• Thu. Dec 1st, 2022

Brown introduces legislation for national network of African American cemeteries

U.S. Senator Sherrod Brown was joined by local officials at Union Baptist Cemetery Tuesday, as he introduced his non-partisan bill to form a network of African American cemeteries. From left are Hamilton County Commissioner Denise Driehaus, Dion Brown from the National Underground Railroad Freedom Center, the Rev. Dr. Orlando B. Yates from Union Baptist Cemetery, and Cincinnati Mayor John Cranley. Photo by Dan Yount

By Matthew Keyes 

Herald Contributor  

U.S. Senator Sherrod Brown (D-OH) visited Union Baptist Cemetery along Cleves Warsaw Pike in West Price Hill November 12 to introduce bipartisan legislation to create a voluntary, nationwide network of African American burial grounds and to provide federal assistance to ensure the burial sites are preserved and maintained for future generations. 

“Earlier this year, I joined this group of leaders to visit this hallowed ground, and see all the work that was needed to restore this burial ground to the place of honor that it should be.  It’s so important that we restore this place where Powhatan Beaty and Dr. Jennie Davis Porter and so many other great Black Ohioans are laid to rest, so that it can be appreciated for the historic place it is,” said Brown. 

Brown introduced the legislation with Senator Lamar Alexander (R-TN) after he visited Union Baptist Cemetery earlier this year following news reports of vandalism at the cemetery and the cemetery’s call for much-needed repairs. Union Baptist Cemetery was founded in 1864 and includes the remains of former slaves, African American Union soldiers and Civil Rights activists. 

Brown’s bill, the African American Burial Grounds Network Act, would: 

  • Create a voluntary, national database within the National Park Service of historic African American burial grounds and; 
  •   Provide grant opportunities and technical assistance to local partners to research, identify, survey and preserve the burial grounds.
The 155-year-old Union Baptist Cemetery has experienced disrepair in recent years. Photo by Dan Yount

We are thankful for this legislation that will certainly inspire the documentation and access of information of African Americans that contributed so much to our nation,” said Brown. 

Companion legislation was introduced in the House by U.S. Reps. Alma Adams (D-NC-12), Donald McEachin (D-VA-4) and Ted Budd (R-NC-13). Creating and maintaining a network of African American burial grounds will help communities preserve local history, while better informing development decisions and community planning, Sen. Brown said.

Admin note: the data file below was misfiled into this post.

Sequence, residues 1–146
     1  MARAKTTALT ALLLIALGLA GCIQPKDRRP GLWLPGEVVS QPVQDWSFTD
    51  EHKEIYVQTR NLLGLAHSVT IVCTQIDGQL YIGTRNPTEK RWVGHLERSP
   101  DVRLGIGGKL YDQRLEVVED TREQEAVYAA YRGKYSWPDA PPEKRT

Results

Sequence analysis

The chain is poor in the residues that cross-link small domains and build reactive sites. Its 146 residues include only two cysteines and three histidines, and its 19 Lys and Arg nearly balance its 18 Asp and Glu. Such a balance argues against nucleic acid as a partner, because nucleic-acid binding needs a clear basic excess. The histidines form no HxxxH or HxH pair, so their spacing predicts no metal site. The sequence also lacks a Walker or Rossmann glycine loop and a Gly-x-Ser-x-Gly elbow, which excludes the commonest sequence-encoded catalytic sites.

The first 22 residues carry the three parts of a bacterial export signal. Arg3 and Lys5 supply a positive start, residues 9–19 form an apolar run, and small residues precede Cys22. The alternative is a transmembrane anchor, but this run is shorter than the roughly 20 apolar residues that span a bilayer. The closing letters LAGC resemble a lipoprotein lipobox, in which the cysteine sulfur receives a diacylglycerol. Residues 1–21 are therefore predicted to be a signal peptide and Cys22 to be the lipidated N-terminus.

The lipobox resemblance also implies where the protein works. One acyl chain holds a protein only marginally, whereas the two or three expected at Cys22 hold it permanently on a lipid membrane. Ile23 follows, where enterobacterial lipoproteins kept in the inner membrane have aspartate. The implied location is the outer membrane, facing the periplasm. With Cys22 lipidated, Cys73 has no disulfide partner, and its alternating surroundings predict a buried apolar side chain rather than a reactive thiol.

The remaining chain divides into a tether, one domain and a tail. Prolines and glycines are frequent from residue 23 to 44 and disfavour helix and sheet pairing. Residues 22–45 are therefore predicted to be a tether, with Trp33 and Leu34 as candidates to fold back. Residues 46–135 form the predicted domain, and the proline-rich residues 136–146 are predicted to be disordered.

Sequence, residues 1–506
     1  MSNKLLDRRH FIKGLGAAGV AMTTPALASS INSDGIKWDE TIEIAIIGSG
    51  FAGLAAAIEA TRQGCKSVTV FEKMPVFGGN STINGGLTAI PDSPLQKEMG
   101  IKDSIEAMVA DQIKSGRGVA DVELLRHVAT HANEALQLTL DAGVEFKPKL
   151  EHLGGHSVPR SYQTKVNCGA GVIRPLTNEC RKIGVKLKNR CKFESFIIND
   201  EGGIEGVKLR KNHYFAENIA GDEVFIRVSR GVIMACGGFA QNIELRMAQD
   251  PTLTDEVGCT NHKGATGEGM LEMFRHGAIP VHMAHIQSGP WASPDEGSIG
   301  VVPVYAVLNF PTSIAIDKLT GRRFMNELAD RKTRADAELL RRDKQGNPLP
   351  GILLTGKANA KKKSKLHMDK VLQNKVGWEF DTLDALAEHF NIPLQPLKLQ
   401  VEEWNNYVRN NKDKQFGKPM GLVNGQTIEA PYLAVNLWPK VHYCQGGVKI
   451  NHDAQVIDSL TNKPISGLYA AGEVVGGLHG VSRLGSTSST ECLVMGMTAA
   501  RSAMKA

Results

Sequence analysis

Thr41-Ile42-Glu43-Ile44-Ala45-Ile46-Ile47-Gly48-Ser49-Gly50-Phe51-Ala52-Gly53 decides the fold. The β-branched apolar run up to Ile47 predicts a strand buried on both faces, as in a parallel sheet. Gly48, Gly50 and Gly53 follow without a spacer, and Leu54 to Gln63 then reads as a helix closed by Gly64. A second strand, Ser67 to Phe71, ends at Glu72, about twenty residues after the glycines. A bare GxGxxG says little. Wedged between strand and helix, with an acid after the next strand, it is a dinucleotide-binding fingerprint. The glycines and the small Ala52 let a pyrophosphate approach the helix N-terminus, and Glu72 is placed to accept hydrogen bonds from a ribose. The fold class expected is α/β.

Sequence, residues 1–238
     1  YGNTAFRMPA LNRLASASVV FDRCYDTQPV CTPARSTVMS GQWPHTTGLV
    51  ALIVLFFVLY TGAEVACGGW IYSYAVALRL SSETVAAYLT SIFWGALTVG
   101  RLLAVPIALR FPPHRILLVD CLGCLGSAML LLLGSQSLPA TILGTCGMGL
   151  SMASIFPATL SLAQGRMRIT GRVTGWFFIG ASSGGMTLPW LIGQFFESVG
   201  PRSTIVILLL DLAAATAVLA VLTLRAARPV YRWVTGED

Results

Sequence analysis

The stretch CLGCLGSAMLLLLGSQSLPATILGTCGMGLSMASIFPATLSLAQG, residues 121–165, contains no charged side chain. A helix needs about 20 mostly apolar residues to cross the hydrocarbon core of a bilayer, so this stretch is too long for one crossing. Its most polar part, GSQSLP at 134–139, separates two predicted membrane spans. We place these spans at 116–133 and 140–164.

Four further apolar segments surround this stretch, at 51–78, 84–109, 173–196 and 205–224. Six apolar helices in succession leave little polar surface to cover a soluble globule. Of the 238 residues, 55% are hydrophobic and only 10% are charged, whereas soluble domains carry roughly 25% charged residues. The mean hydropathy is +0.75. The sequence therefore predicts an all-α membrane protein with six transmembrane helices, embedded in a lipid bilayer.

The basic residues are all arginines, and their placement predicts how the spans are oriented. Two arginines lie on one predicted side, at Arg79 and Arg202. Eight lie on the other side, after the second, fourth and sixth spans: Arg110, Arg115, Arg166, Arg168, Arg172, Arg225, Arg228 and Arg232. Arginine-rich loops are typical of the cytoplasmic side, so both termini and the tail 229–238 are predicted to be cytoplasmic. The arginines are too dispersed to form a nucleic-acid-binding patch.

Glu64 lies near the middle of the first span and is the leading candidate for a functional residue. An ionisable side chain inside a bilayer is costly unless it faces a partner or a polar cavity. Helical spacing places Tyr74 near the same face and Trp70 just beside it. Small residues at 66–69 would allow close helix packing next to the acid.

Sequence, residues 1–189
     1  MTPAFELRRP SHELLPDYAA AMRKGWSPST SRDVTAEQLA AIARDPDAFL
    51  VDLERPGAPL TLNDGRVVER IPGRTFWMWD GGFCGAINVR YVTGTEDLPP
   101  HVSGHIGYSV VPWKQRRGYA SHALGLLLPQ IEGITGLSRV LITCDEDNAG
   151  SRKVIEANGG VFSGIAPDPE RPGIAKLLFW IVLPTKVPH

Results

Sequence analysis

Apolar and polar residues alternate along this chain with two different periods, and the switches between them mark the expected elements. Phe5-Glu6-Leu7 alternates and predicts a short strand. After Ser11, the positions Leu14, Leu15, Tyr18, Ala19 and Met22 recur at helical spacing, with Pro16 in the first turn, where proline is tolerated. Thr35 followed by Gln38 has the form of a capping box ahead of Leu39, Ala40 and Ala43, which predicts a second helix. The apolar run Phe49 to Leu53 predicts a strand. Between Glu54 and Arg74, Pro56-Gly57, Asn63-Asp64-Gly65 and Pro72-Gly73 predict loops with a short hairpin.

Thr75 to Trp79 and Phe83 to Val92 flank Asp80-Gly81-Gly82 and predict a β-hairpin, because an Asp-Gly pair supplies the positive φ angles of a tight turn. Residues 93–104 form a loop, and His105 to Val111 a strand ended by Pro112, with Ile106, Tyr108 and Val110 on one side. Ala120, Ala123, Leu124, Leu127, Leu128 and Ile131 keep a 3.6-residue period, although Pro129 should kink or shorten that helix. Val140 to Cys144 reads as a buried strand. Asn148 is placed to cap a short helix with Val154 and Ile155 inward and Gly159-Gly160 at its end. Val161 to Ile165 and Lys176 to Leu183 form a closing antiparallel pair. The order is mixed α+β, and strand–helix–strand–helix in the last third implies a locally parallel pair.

Brown said he had heard about the vandalism at the cemetery and a reference to Powhatan Beaty while listening to a radio talk show. “I became excited and wanted to learn more about the cemetery,’’ he said. “I learned about the efforts being made by the church and volunteers here to repair it, and that was the beginning of this legislation.’’ 

Rev. Yates, senior pastor of Union Baptist Church for 31 years, thanked Brown for the bill and the opportunity to provide support for it. 

As caretaker of the Union Baptist Cemetery, which was established in 1864, Yates said it was appropriate the announcement came at the cemetery just a day after the nation celebrated Veterans Day. 

Today, on these hallowed grounds upon which we stand, lies the remains of some 700 veterans of the Armed Forces, including 120 identified as Free Black Men who fought in the Civil War,” Yates said.  Recruited by Frederick Douglass, they were members of the North’s first All-Black Unit, the 54th Massachusetts Infantry, who fought bravely and valiantly in spite of the threat by the Confederate Congress that every captured Black Soldier would be sold into slavery. 

In addition, many former slaves, antislavery advocates, and active members of the Underground Railroad are also interred here.’’ 

He noted that as a monument of unique distinction, both in American history and modern-day Black culture, in 2014, Ebony Magazine proclaimed and cited Union Baptist Cemetery as one of the “Ten Historical Sites Every Black Family Should Visit.” 

I do not have the time to highlight the many voluntary efforts being undertaken here at Union Baptist Cemetery and the many other African American Cemeteries throughout the country,’’ Yates said. “Even so, clearly there is a tremendous need for a unified nation-wide effort to help repair, preserve and restore these sacred burial grounds, which are indeed, an integral component of the heritage of the United States.’’ 

The provisions outlined in “The African American Burial Grounds Network” Legislation, he said, which has already been passed in the U.S. House of Representatives, will go a long way toward preserving this cemetery and so many other cemeteries for our present generation and for generations to come. 

“This issue, this cause, this Bill cries out for all of us to now speak out in support of its passage in the United States Senate and the signing into law by the President.